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‘Calamitous Consequences’ Ahead If We Go Over Debt Cliff: Keating

‘Calamitous Consequences’ Ahead If We Go Over Debt Cliff: Keating

The AP is reporting that House Republicans offered to increase the debt limit and end the shutdown as part of a package that includes spending cuts.

Related: Republicans Should 'Take Hostages' Over Debt Ceiling; U.S. Won't Default, Says Stockman

The ongoing negotiations have business leaders on edge.

"This is very serious business," says Frank Keating, president and CEO of the American Bankers Association and a former Republican governor of Oklahoma. If the debt ceiling is extended and a budget and entitlement conversation follows, "everybody wins" says Keating.

But if no agreement is reached on extending the debt limit and "we go over the cliff, then the calamitous consequences of that are unimaginable."

Related: Here's How to Avoid a Debt Ceiling Disaster: Norm Ornstein

Here's what could happen:

The Social Security system, the largest holder of U.S. treasuries, could be unable to pay retirees.

The value of Treasuries--collateral for financial transactions around the world--could crash, spreading havoc in economies and financial markets around the world.

Money market funds, bond funds and other investment funds that are barred from holding assets from issuers in default, would be required to dump their U.S. debt, adding to the market calamity.

Sovereign lenders to the U.S.--including China and Japan which hold more than $1 trillion worth of Treasuries--would suffer huge losses that could spread.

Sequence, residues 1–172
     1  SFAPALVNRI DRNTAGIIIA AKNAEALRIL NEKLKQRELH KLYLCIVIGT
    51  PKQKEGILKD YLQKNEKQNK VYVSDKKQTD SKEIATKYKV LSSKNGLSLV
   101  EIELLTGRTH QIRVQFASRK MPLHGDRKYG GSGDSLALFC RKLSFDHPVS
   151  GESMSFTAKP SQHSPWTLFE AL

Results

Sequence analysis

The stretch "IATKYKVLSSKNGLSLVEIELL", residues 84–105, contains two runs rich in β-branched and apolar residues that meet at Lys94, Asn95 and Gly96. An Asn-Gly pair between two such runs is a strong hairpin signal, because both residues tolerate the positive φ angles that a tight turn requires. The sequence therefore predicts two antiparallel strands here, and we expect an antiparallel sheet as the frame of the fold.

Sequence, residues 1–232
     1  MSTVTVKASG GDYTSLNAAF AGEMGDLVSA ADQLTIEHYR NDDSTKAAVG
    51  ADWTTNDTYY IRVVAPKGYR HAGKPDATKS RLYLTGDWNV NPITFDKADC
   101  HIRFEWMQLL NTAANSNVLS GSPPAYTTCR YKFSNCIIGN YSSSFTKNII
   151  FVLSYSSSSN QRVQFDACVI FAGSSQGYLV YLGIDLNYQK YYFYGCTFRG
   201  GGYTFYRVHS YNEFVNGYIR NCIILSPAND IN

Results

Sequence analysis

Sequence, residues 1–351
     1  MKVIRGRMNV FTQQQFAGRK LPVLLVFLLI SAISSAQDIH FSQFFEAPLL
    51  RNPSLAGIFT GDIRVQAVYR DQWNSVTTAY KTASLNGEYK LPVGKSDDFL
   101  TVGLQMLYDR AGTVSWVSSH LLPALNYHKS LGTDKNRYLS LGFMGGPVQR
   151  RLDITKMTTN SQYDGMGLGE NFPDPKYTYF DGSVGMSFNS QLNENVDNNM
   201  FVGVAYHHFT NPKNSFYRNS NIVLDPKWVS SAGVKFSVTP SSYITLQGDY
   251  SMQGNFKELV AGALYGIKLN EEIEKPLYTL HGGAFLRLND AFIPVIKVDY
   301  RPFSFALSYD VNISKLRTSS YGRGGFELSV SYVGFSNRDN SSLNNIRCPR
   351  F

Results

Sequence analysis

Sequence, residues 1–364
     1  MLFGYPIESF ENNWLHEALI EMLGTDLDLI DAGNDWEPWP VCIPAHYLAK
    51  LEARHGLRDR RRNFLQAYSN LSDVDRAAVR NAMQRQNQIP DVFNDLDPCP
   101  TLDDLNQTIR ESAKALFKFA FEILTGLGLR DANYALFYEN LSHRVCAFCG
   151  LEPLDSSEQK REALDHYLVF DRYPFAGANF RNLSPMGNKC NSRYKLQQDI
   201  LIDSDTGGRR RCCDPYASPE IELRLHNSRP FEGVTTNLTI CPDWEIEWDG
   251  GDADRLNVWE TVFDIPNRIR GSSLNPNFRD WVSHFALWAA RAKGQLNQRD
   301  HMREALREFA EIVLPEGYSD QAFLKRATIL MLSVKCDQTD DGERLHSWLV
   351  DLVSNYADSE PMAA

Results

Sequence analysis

The dollar could collapse, trashing the purchasing power of all Americans.

Interest rates on everything from mortgages to credit cards could skyrocket — if there were any lending at all.

Tim Bitsberger, a former Treasury official under President George W. Bush and now a New York-based managing director at BNP Paribas told Bloomberg News, "If we miss an interest payment, that would blow Lehman out of the water.” The U.S. government has $12 trillion worth of outstanding debt, more than 20 times the $517 billion Lehman had. After Lehman's default, the stock market lost half its value and the U.S. unemployment rate topped 10%.

Keating testified before the Senate banking committee Thursday about the possible consequences of a default and warned, "If Congress fails to act and we hit the debt ceiling we will set off a chain of events that will cover our entire economy and impact all Americans."

He tells The Daily Ticker, "If we default on our debt...if we lose that kind of credibility then it's going to take a long time to pick ourselves up off the floor and our enemies and our adversaries are going to be laughing at us. I can't imagine both parties not recognizing that...and fix this."

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